Brown said he was able to get a small change in a larger tax bill that, if passed and signed into law, would not require East Palestine residents to pay IRS taxes on the $1,000 inconvenience checks they received from Norfolk Southern or the lost wage reimbursement. Brown said the U.S. House passed the bill containing the language he had inserted in it, and it now heads to the Senate.

“Nobody should get hit with a tax bill. It’s nobody’s fault – it just happened because those kinds of dollars coming from a company like Norfolk Southern are taxable,” Brown said.

Another piece of legislation, the bipartisan Railway Safety Act of 2023, pushed by both Brown and U.S. Sen. J.D. Vance, R-Ohio, has been stalled, and Brown blames railroads and railroad lobbyists. The legislation would enhance safety procedures for trains carrying hazardous materials and establish requirements for wayside defect detectors aimed at catching a problem before it reaches a critical level – like the train in East Palestine. It would also require at least two-person crews and increase fines for railroads found in violation and responsible for accidents.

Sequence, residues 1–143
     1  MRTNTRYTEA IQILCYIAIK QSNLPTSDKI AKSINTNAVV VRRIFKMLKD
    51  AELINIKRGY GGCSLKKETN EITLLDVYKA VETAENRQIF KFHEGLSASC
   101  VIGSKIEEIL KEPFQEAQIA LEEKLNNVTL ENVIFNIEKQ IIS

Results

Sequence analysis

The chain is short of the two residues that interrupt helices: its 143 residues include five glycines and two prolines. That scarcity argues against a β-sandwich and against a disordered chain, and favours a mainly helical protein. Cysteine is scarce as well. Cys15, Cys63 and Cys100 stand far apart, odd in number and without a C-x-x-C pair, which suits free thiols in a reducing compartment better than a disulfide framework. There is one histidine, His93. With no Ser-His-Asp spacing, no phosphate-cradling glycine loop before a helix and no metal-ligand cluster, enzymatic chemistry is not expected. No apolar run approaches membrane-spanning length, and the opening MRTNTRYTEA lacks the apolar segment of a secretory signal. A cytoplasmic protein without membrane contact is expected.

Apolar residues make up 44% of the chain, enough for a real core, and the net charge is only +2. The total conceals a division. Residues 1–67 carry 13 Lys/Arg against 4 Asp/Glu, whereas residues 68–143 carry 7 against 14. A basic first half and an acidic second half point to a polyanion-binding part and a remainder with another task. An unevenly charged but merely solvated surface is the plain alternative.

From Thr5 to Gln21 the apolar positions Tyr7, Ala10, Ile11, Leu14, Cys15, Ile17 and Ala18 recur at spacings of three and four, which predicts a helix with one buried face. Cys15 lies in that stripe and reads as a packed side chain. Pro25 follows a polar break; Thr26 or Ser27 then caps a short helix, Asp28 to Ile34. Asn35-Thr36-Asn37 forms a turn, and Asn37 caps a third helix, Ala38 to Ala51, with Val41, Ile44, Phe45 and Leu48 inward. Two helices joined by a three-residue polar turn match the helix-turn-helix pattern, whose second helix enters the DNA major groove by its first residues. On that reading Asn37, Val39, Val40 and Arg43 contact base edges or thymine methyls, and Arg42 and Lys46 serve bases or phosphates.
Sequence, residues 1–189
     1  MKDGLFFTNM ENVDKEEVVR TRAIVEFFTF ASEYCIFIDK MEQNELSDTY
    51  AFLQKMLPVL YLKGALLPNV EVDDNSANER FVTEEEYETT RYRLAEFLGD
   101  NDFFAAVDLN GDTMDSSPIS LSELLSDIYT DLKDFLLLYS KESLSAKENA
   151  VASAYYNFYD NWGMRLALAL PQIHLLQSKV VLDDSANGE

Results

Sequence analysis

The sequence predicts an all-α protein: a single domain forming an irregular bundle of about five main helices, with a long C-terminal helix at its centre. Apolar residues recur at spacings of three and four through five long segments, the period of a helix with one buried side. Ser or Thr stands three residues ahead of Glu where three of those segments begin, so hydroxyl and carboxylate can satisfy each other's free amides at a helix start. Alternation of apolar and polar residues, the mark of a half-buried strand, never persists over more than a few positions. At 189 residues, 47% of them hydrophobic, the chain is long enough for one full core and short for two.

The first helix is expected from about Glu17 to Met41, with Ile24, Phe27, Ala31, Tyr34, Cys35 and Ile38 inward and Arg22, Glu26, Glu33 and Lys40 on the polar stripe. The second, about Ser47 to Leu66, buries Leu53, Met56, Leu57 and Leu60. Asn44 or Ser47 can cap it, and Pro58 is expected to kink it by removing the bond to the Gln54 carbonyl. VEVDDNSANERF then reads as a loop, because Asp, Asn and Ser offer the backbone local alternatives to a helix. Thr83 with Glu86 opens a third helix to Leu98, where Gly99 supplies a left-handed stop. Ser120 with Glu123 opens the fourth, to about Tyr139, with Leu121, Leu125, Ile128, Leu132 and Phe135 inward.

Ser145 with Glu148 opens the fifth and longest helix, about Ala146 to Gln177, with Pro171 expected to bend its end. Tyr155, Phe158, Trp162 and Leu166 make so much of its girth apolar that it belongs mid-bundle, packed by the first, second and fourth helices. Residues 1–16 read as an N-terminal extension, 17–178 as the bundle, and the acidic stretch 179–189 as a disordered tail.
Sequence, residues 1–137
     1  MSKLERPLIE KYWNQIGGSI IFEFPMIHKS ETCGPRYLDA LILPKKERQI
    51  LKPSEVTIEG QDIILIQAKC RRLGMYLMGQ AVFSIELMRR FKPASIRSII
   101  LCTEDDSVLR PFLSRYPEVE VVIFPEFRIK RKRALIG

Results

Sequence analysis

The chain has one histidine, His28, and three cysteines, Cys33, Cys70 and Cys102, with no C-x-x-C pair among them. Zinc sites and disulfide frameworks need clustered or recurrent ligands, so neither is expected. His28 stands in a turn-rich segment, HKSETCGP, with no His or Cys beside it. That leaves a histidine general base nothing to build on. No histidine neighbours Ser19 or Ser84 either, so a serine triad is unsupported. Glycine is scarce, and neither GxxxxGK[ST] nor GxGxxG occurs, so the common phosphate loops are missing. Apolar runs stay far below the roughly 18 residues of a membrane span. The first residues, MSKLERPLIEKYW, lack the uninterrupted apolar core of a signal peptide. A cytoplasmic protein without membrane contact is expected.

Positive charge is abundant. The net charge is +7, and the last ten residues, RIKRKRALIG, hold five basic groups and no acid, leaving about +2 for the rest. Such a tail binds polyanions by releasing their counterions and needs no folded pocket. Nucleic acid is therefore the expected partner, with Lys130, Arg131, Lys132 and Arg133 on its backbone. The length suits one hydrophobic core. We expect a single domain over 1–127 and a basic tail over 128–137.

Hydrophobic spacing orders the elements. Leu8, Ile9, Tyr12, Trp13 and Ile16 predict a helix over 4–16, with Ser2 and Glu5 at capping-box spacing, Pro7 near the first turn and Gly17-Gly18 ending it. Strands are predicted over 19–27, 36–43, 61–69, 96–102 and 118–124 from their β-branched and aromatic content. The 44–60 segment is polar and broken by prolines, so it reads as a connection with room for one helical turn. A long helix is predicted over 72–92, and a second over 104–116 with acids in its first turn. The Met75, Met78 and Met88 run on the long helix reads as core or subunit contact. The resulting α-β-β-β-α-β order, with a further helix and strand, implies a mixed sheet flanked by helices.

Brown said the railroads are pushing for only one person on a train like the one that came through East Palestine with 150 cars on the night of the derailment 13 months ago.

“Ohio has the third most miles of track of any state in the country,” Brown said, behind only Texas and Illinois. “I want to make sure these trains are safer. These derailments shouldn’t happen with the frequency that they do. The governor and every community ought to know when a train is going through what’s on that train and if there’s hazardous materials.”